- Changes to the quality of your skin (skin may become more “dull” in texture and quality)
- Fluid retention
- Gastrointestinal changes (constipation or diarrhea)
- Insomnia and other issues sleeping
- Fatigue or low energy
- Not feeling like yourself
You’ll notice that these symptoms tend to mimic the symptoms associated with menopause, but usually to a lesser degree.
And this makes sense if you think about it because both conditions are caused by the same problem (a reduction in hormones), the only difference is that perimenopause is not quite as severe because you still have some hormone production (5).
Perimenopause and Weight Gain
One of the most concerning symptoms associated with perimenopause is weight gain.
In some cases, physicians attempt to contribute this weight gain to changes in appetite or an increase in food consumption.
This doesn’t hold true for many women who experience weight gain during perimenopause and menopause without changing how much they exercise or what they eat.
We can, therefore, make the assumption that the changes in hormones (drop in estrogen and progesterone) are at least in part responsible for this increase in weight.
It has been shown that a drop in estrogen and progesterone may increase the risk of developing abdominal fat (weight in the belly).
Other studies have shown that hormone replacement therapy can help blunt or block this extra weight gain from occurring (7) (read more about therapies below).
Managing this weight gain is very important because extra weight contributes to depression and other issues such as an increased risk of cardiovascular disease later in life (8).
Ensuring that you go into perimenopause and menopause with your hormones balanced and at a normal weight is the BEST way to avoid this extra weight gain.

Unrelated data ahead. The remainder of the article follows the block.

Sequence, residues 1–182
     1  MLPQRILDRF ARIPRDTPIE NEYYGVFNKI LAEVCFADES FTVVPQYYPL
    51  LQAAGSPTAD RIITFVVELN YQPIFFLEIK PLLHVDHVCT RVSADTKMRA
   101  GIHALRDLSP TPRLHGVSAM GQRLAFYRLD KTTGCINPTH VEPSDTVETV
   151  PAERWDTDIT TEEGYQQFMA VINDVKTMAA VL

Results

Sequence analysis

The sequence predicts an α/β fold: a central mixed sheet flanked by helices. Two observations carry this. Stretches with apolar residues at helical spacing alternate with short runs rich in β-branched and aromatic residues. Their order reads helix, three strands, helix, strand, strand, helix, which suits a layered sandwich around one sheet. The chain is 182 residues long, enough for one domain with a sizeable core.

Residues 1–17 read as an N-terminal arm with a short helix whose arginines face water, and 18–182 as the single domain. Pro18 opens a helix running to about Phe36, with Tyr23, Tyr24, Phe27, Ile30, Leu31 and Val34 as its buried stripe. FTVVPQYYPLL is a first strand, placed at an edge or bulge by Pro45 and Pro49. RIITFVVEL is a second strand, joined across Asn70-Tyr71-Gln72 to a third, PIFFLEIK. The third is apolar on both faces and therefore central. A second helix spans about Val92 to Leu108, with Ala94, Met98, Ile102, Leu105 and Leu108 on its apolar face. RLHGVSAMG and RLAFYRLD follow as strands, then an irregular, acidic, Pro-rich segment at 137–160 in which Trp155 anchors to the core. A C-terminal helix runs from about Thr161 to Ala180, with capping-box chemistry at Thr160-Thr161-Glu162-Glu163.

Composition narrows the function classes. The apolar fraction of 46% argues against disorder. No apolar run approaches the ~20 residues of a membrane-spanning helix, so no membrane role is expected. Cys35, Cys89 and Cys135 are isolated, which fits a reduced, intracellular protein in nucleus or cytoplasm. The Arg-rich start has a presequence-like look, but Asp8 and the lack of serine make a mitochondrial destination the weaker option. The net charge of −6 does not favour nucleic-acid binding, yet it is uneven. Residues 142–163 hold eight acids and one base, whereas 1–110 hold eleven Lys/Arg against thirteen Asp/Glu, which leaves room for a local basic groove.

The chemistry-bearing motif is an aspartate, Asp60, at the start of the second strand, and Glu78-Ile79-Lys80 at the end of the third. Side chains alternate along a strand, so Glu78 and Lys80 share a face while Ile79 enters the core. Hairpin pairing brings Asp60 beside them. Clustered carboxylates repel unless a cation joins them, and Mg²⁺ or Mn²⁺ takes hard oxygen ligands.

Women who are already overweight or struggling with thyroid disease and other hormone imbalances will have a more difficult time losing weight after menopause.
Testing for Perimenopause
Is it possible to test for perimenopause?
The answer is yes, but not as definitively as you can test for menopause.
The problem with testing for perimenopause is that as hormones fluctuate, and as your symptoms change, it makes it difficult to pinpoint where you are at in your cycle and where your hormones fall in the larger picture.
It’s entirely possible for you to have a normal cycle 6 months out of the year and experience menopausal symptoms for the other 6.
If you test your hormones during the “normal” 6-month cycle then your hormones will represent that.
If you want to identify that you are indeed in perimenopause then you must check your hormones when you are experiencing those symptoms.
Due to feedback loops in the female body, FSH will rise during menopause and perimenopause in response to the drop in estrogen levels.
Therefore, a high FSH can be an early indicator of perimenopause and menopause.
Other hormones such as progesterone and estrogen can also be assessed (and should be assessed) as well.
You can find a list of tests to order if you suspect that you are in the perimenopause transition:
- FSH – High FSH levels may be an early indicator of perimenopause.
- Progesterone – During menopause both estrogen and progesterone will fall and come close to zero.
- Estradiol – Estradiol, the most potent estrogen, tends to drop dramatically around menopause/perimenopause.
You can see an example of progesterone and estradiol during the perimenopause/menopause period:
Can you Treat or Reduce the Symptoms Associated with Perimenopause? (Supplements and Other Remedies)
Believe it or not, perimenopause may be more difficult to treat than menopause itself.
The reason for this has to do with the fact that your hormones, during perimenopause, are constantly fluctuating up and down.